Eric Sorensen was responsible for deciding which projects got to share in the lottery millions. Then he became surplus to requirements
ERIC SORENSEN, the man who handed out pounds 1.25bn of lottery money to build a new Britain in time for the year 2000, is out of work. One minute he was writing cheques for millions. The next, the only big numbers in front of him are on the lottery tickets he still optimistically buys.

He has left the Millennium Commission exactly a year after he took on the job. Now that nearly all the money for the Millennium projects has been allocated, his chairman, the Secretary of State for Culture, Chris Smith, says it doesn't need the services of a pounds 120,000 chief executive any more. Sorensen agrees. It's been an amicable divorce. In truth, he found the job less hands-on and more rubber-stamping than he'd have liked.

With his love of building bridges, of London, motorways, and modern architecture (so long as it isn't a windswept concrete block), he had a vision about improving the environment. Urban regeneration is one of his enthusiasms - not just big projects such as turning inner-city squares into piazzas, or Millennium Commission Landmark projects such as transforming clay pits into the Eden Project landscape gardens and collieries into the solar glazed Earth Centre, but little things which make a difference.

When it comes to lottery-funded architecture, Sorensen likes "amiable cheeriness". Bandstands, village halls, forest discovery centres, rural churches, drinking fountains, all pitching for lottery money, got funding if the applicants could prove they had the site, planning committee skills, sponsors,maintenance plans, and an excellent management team. "One of my favourites is a little wooden shelter for schoolchildren to learn about birds on reclaimed poisoned land at Dagenham," he says.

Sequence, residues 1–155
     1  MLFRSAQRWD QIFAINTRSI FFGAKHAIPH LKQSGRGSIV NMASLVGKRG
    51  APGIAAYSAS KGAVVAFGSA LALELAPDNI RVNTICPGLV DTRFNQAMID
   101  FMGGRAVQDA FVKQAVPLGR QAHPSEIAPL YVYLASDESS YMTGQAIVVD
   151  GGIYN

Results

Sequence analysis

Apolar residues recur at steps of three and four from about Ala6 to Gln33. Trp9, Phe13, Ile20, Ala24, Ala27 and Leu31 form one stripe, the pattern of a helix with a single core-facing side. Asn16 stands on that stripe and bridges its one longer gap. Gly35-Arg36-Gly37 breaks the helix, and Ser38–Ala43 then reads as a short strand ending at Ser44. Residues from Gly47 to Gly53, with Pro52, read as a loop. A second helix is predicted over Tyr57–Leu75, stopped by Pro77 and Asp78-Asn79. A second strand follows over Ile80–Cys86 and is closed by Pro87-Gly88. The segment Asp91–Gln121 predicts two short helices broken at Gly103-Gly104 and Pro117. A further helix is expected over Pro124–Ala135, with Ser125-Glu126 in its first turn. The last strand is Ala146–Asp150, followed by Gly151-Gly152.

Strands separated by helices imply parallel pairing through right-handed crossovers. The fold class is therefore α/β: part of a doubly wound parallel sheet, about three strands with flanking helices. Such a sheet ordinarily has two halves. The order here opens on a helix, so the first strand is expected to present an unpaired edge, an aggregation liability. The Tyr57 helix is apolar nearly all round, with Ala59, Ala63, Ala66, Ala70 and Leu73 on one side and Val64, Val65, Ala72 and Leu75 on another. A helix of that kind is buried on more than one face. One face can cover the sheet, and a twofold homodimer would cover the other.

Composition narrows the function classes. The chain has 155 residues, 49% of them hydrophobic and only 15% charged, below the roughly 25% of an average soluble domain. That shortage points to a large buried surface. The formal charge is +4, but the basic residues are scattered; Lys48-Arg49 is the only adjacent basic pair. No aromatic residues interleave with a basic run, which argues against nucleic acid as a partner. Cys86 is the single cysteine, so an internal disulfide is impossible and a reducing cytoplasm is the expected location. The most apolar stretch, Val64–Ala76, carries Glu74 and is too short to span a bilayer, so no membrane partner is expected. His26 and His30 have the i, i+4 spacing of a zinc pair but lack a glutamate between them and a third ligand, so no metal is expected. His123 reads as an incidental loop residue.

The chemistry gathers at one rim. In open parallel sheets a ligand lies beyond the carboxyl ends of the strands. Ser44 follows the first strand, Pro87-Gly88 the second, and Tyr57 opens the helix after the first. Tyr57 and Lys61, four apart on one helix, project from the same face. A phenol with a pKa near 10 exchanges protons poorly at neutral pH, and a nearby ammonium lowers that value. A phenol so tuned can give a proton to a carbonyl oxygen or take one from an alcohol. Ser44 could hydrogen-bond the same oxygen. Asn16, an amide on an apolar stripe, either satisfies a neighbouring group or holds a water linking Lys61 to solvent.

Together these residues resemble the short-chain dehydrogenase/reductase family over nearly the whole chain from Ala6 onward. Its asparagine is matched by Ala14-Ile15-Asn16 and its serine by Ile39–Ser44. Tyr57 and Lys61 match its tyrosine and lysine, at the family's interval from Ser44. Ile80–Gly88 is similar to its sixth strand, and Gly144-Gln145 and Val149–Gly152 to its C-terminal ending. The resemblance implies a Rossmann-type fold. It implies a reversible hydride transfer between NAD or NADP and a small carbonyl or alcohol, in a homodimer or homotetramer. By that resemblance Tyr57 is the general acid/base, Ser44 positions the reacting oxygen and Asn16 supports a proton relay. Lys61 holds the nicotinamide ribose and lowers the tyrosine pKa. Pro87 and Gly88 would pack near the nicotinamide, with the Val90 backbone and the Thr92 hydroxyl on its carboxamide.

Buildings weren't judged in a beauty contest. Sorensen defends the fact that there were no architects or designers on the review board. "It's not as if we ignored it, but we didn't systematically go for design competitions." Feasibility became far more important.

At his farewell party last night, his colleagues gave him of a Psion organiser with the countdown to January 2000 installed. It was tactful. Although most of the money has been already given out to 185 projects across the country (otherwise there would not have been a hope of completion in time for the millennium) most of the lottery-funded libraries and gyms, health spas and science centres won't be ready. The Millennium Commission's 50:50 matched funding role - half the costs of the project must be met by sponsors, EU or council funding - was a bureaucratic process which delayed construction.

"Still a couple of million to go," says Richard Busby, raising sponsorship money for the National Space and Science Centre in Leicester. The total project will cost 46.5m, towards which they received pounds 23.5m from the lottery. To date he has a fully confirmed pounds 40m. "Believe me, it's going to happen. We're nearly there." But even if they do break ground on Nick Grimshaw's building this autumn, it won't open until February 2001.

A weakness that this emphasis on designer labels, big-name architects, good contents and planning expertise highlights is that it deterred the less experienced. Deprived communities didn't even bother to pitch, and the lottery funders aren't allowed to solicit for business.

One of Sorensen's legacies to the Millennium Commission is a pounds 70m pot of money which will be used to encourage some of Britain's ethnic communities to apply for funds to for their own projects. "Not enough," he admits.

"The lottery is a real opportunity to improve the quality of life. We should think constantly about making substantial differences to the quality of life. Of course, homelessness, health and education are important, but the lottery money was never meant to replace taxation and government spending." As for the other criticism, that lottery funding is pushing up big buildings like mushrooms all over the country which will be difficult to fill and maintain, Sorensen says: "I don't agree. We don't spend enough on buildings."

Nonie Niesewand

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